Natchan World Takes On The World

Incat Chairman Extols Virtues of Japan’s New Shallow-Draught 112m Craft

The latest vessel yet to be built by Incat has been launched at the Hobart shipyard. The second ferry for Higashi Nihon Ferry will join her sister Natchan Rera, completed by Incat last August, in service across Japan’s Tsugaru Strait between the islands of Honshu and Hokkaido.

At nearly 11,000 gross tonnes the new 112 metres long Natchan World is one of the largest vessels built by Incat. Yet she will operate with a loaded draught of just 3.83 metres, enabling her to operate into the shallowest of ports. Despite this however, the launch operation did cause Incat Chairman Robert Clifford a few anxious moments.

“So much for global warming and sea level rises”, Mr Clifford said.

“The ship was launched at the lowest high tide I have had to contend with in 50 years of boat and shipbuilding. The level reached at 0600hrs on Monday 18th February was 150mm less than predictions, owing to the continued good weather. We had no choice but to launch however, as the next predicted suitable tide is not until 5th May, some 2 months away.

“I have watched closely the high tides suitable to launch ships for 50 years, and have seen no signs at all, of the much talked about increases in sea levels,” Mr Clifford exclaimed.

Drivers crossing the River Derwent via the Bowen Bridge will now be treated to a glimpse of the Natchan World’s eye catching livery, the design of which was publicly sought in Japan.
The theme was “Parade”, with over 500 children under 12 years old responding to the call for the ferry’s colourful look. Mr. Toshikazu Yamaoka, an artist living in Kyoto, chose “lovely creatures” and integrated them into the livery.

Higashi Nihon Ferry President Mr Shinji Koga explains “Throughout the hull, we can feel an unconstrained concept anchored in a child’s unique perspective. Original designs were copied as much as possible to make the most of childlikeness seen in the touch of lines drawn. We can see various companies in the sea beyond the ages and species parading together on a rhythmical music note.”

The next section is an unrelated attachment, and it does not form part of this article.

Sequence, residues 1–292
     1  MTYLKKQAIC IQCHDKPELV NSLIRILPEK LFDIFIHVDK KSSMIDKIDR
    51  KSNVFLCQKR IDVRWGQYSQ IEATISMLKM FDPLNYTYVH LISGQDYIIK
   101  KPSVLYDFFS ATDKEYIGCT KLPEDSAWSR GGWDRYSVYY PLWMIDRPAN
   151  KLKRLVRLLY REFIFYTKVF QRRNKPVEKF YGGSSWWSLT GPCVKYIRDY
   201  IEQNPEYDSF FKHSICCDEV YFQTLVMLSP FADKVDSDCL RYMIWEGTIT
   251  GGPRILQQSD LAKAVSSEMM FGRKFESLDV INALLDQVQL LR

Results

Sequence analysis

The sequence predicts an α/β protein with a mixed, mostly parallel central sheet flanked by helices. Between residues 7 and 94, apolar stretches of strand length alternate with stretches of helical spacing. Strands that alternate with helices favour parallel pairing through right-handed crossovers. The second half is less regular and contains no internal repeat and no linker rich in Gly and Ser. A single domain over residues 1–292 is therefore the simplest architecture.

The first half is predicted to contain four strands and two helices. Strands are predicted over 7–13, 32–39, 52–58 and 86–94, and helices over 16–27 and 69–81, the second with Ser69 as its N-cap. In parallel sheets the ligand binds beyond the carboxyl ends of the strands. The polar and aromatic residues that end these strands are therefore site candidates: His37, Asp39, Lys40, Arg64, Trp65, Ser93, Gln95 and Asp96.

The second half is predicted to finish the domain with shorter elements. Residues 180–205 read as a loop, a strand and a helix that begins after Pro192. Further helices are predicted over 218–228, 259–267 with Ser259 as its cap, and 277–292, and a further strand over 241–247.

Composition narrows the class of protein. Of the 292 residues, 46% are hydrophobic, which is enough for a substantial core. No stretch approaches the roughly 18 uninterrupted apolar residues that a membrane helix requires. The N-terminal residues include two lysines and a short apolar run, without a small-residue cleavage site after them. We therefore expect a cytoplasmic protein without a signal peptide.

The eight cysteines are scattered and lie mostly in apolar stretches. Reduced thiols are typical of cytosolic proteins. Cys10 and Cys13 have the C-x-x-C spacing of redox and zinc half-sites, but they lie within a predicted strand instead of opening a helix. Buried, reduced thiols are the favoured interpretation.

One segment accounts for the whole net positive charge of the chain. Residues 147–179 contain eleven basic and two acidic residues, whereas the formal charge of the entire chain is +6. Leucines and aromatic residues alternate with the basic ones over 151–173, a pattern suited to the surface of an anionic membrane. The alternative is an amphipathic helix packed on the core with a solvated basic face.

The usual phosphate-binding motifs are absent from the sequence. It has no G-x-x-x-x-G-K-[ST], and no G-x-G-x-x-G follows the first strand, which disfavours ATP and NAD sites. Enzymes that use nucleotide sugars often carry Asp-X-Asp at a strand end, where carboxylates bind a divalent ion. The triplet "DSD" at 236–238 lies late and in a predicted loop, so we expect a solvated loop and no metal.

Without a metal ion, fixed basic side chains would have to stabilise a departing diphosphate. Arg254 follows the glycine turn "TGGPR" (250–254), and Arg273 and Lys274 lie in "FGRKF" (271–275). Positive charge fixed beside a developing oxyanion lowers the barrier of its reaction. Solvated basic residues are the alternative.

Before leaving Hobart for Japan the Natchan World will be officially named in a ceremony at the Incat shipyard on Tuesday 8th April. “The name was chosen because passengers and local residents have already become very familiar with the name “Natchan” and we wanted to keep the friendliness that “Natchan” has acquired,” said Mr Koga.

With Natchan World Incat has reached the pinnacle in high speed craft luxury and comfort, with this its most valuable export to date. Operating at speeds of approximately 40 knots and with capacity for up to 800 persons and 355 cars, or 450 lane metres of trucks and 193 cars, the Natchan World is almost identical to her sister, Natchan Rera.

Some changes have been implemented, including a new form of relaxation for Executive Class passengers which cannot be experienced in any flights, trains or cruise ships. Here, instead of individual seats, there are small booth style compartments for two to four passengers. In each compartment, passengers are free to take off their shoes and lie down. Massage chairs will be installed in the same cabin as well. Families and couples will enjoy not only their time in private with amazing comfort but also the vast scale of ocean view in front of each booth.